• Procrastinator put it so well, and I can relate to much of what she says. Good on you that you are able to view your daughter's diagnosis in a positive light. I didn't get diagnosed until I was 46 and for sure there are many things that I would have done differently had I known earlier, so I would say it's a good thing she has this information much earlier on in her life. It will help her (and you) to make informed choices about important stuff, like what sort of further education would be best for her, if that's a route she wants to go down, and what sort of career would she be suited to, and importantly would provide her with an environment in which she can thrive. 

    As far as it coming as a complete surprise, I would guess my mother felt much as you did when I told her. Looking back, it's daft really. She even used to say that it was a shame I didn't get to know my grandfather better (her father) because we are "so alike" she thought we would have really got on well ..... and he had Asperger's too :-)

  • Thank you for your lovely, thoughtful response.  Your right, there are reasons for my daughters diagnosis and it certainly explains some of the things she finds difficult and also areas she excels in.  It also helps the way that we communicate with her and means we are more understanding and more able to listen effectively to what she's telling us.

    I'm confident its much better for her to know this now and have a better understanding of herself.   

  • I do not have children myself but am a 45 year old female who was diagnosed at 43 (I also have adhd). I think many people would not have considered autism for me (because in those days and even now many people do not know what to look for). I have empathy, am sociable and interested in other people, look people in the eye. I react appropriately in "official situations". (However I had a rough time at school and suffered a lot, even though I'm not sure how much adults around me realised to what extent I was suffering).

    I notice in circles of females who were diagnosed late (I mean far in adulthood) that it is typical for themselves to be unsure whether to disclose (for fear of the reaction: you do not look autistic, we all are a little bit autistic, it is a hype, what ever makes you happy...). It is often difficult to justify the diagnosis to myself let alone to others. And yet, it is such a relief to know and to be able to relax a bit. Instead of stubbornly struggling day in day out, beating myself up about social gaffes, fearing judgment, trying to please everyone and coming home alone and having no energy for my own life. 

    I read my story is typical of "high functioning ASD women" who seem to have a job and function but then around 40 something happens,  a few stitches come undone and then they plummet into a serious burnout and their life kind of unravels.

    I feel very sorry I didn't know at a younger age and I think it must be really positive for one's self image to know: "oh I'm just wired differently", "oh, I feel very tired after social occasions, not because I am stupid, useless and no-one likes me" but because I am hypersensitive to overstimulation, because I process information differently, because I have trouble with structure or theory of mind or central cohesion (all interesting stuff). ASD is a spectrum - and not a two-dimensional one at that - there are so many parameters and people can be so so so different and have totally opposite strengths and challenges on that spectrum (visually hypersensitive - visually hyposensitve,good at maths - bad at maths, verbal - non verbal, spatial insight - no spatial insight, etc etc etc)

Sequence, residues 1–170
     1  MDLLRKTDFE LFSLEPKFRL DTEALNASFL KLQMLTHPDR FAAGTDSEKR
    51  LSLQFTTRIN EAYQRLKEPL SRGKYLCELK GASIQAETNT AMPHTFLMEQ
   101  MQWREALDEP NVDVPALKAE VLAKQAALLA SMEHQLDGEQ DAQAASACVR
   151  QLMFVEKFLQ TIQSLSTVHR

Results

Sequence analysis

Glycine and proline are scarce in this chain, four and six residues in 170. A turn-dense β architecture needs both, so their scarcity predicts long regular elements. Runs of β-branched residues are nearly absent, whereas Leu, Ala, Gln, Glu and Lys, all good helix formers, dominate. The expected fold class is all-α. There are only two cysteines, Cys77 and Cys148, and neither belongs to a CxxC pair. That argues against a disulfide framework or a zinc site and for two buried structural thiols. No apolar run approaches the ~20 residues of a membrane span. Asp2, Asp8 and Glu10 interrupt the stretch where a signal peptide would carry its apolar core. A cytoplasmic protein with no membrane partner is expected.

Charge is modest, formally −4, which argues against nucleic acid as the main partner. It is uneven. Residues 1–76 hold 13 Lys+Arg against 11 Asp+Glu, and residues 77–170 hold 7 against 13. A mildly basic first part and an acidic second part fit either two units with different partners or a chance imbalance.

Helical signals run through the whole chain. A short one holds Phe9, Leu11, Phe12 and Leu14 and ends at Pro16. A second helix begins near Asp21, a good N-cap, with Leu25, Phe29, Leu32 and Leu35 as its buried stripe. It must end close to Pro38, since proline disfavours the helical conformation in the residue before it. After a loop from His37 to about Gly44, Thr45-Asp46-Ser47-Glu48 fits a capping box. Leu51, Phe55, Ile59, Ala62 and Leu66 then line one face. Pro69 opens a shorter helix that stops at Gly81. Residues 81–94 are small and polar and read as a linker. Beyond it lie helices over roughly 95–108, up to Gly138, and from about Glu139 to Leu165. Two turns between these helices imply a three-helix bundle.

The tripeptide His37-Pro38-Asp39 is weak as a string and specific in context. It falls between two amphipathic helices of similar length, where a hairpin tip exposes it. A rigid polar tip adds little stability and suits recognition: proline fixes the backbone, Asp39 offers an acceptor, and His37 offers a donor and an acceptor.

My life is so much better now I know more about my own needs: at social occasions I need to take more of a back seat and try less hard. I need to go outside, even when I'm having fun and take a break. I need to write things down and structure stuff. I need to be kind to myself and not compare myself to those efficient, energetic people and their expectations of me.

    I know even though it seems stupid- that I can halve my stress by making minute by minute schedules of what lies ahead (like a minute by minute overview of leaving the house for something new). 

    So I think in stead of saying to your friends/family/etc "my daughter is autistic" it can be helpful not to focus on the lable but what on what your daughter's needs are: my daughter gets overwhelmed easily and needs breaks alone. My daughter can't stay in noisy surroundings for long, that's why she is in her room for a bit now and that's fine. And time off (like the need for recuperation days etc). She has a "sensory processing disorder" might also make more sense to certain people. 

    Also, I found it very helpful to read (in a Flemish book) that an autism specialist wrote that the severity of autism should be judged not from the outside manifestations but from the internal experience of the person with ASD. People who are intelligent and socially aware are very good at hiding their social deficits but this actually may actually increase stress and suffering.

    In the past people thought mainly boys were autistic and if girls were they usually were more severely autistic. The girls who now are diagnosed with ASD1 (this might have been an aspergers diagnosis previously) usually slipped the net. Because autism in girls can present very very differently.

    It must be very strange for you having your daughter diagnosed with ASD when you weren't expecting it. And especially hard too that you can't just tell people for fear of all of the kind of reactions unknowing people have. On the other hand there surely must be a reason your daughter has this diagnosis - and I guess the challenge will be trying to figure out her personal unique manual of how she can be happier and more relaxed and proud of herself and her talents. How she can be mild and kind towards herself with regard to the issues she struggles with so it doesn't affect her self esteem too much? Good luck with all!!!!!